Max Verstappen and Charles Leclerc were RaceFans’ Star Performers of the 70th Anniversary Grand Prix. Here’s why.
It proved a worthwhile decision, however. From fourth position Verstappen quickly dispensed with Nico Hulkenberg’s Racing Point into Abbey at the start.
Verstappen stayed close to the Mercedes drivers throughout the first stint and applied fierce pressure to Hamilton as the Mercedes driver began to struggle on his medium tyres. The Red Bull was so quick on its hard tyres Verstappen was able to run longer than Hamilton and jump ahead.
Had it not been for a slightly slow pit stop he might have emerged from the pits ahead of Valtteri Bottas as well. Not that it mattered, for he easily passed the leading Mercedes through Brooklands and Luffield.
Bottas’ older hard tyres were no match for Verstappen’s new mediums, which he dispensed with after six laps. He ran a set of hard tyres to the end and became the first driver this year to beat Mercedes to victory.
Ferrari were clearly less competitive in the second weekend at Silverstone – a combination of the rising temperatures and softer tyre compounds. Leclerc felt he maximised the car’s pace in qualifying, but it was only good enough for eighth.
He dropped two positions on the opening lap and stopped on lap 18 for hard tyres. Having urged his team to let him run a one-stop strategy, he stretched his second stint out to 34 laps, rising to third until Hamilton’s much faster Mercedes appeared in his mirrors. This was the longest stint of any driver, and though his tyres weren’t in great shape by the end of it, he was the first one-stopper home in an excellent fourth place.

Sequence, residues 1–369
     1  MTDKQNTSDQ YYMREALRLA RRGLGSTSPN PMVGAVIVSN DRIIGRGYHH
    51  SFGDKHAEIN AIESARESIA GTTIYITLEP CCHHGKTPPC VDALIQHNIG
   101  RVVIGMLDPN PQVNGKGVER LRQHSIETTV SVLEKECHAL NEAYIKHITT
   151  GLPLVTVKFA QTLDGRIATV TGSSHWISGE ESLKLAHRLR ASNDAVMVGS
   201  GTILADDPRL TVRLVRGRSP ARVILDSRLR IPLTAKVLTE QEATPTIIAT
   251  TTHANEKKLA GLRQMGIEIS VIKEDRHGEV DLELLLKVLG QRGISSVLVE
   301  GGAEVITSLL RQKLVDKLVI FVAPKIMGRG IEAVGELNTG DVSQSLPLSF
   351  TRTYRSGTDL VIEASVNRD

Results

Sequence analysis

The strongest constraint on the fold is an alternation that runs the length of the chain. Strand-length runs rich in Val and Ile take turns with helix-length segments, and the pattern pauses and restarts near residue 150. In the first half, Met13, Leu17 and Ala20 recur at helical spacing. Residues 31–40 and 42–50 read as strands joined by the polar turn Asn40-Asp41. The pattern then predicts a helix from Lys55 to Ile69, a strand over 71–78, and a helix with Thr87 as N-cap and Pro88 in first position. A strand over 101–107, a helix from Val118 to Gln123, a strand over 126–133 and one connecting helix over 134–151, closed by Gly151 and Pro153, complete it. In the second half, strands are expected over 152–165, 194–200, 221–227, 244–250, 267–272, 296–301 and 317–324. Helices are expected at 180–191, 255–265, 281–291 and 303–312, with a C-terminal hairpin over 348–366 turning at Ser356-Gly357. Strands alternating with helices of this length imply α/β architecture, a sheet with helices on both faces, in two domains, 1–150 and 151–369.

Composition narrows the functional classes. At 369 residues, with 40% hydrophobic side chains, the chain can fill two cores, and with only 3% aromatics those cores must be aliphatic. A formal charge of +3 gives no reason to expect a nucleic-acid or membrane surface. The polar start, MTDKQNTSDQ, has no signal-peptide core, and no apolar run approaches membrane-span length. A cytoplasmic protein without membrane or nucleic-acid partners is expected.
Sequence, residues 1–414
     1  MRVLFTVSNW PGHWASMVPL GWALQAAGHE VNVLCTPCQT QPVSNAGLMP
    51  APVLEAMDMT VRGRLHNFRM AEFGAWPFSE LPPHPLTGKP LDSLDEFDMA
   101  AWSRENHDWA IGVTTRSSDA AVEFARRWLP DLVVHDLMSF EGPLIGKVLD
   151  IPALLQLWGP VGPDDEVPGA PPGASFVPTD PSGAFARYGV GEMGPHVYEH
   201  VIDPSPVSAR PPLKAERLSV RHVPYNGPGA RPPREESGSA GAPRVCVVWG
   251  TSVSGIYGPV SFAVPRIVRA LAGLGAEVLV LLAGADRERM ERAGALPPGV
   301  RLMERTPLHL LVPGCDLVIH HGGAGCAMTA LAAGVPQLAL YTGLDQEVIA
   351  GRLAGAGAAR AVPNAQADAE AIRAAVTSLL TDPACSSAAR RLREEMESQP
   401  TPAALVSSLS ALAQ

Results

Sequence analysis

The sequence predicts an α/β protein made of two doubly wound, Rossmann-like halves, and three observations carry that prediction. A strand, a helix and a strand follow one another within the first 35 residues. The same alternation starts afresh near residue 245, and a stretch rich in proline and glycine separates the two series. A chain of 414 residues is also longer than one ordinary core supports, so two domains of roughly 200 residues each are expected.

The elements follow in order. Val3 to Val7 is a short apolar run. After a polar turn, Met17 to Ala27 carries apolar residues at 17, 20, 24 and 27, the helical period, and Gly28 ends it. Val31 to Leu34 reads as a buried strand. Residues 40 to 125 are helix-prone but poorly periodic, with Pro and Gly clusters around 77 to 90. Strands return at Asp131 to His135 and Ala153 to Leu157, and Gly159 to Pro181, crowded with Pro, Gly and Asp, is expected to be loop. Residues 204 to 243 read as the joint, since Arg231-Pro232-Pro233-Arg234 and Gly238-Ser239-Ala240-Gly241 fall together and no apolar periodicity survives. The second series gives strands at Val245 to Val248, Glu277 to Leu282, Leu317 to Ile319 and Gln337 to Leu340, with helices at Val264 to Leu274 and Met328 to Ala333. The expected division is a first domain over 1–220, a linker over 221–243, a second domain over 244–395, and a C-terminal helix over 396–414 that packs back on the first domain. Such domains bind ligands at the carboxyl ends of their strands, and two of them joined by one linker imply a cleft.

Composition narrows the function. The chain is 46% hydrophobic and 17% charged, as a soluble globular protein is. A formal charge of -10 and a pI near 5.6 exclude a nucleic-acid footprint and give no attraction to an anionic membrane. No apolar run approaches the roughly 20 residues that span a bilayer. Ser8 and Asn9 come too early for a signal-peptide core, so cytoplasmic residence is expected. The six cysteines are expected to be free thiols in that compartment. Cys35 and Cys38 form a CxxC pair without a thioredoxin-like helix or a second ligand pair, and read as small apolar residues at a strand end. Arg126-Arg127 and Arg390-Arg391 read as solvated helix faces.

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Vettel stopped with more reliability problems at the end of second practice and had his whole engine replaced as a precaution. On Saturday he was eliminated in Q2 for the second week in a row.
Starting first of those on new tyres in 11th should have given him an advantage. But he spun it away at the exit of Abbey, which left him on the back foot for the rest of the day.
His comeback drive wasn’t aided by an awkward strategy which saw him run on the hard for 11 laps in his second stint and the medium tyre for the final 22 laps of the race. He was unhappy at being dropped back into traffic, but that spin had already wrecked his afternoon.
Being out-qualified by the substitute driver was another reminder Stroll still needs to work on his one-lap pace. He ran behind Hulkenberg until his team mate began to suffer tyre blistering and had to make an extra pit stop.
Stroll was likely never going to be able to keep the faster Red Bull of Alexander Albon behind him, but Hulkenberg’s pit stop spared his blushes.
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And the rest
Bottas snatched pole from Hamilton by less than a tenth and stayed ahead at the start, but both drivers struggled with blisters during the first stint. Hamilton’s longer middle stint gave him fresher tyres to attack Bottas at the end of the race; his defenceless team mate dropped to third with three laps remaining.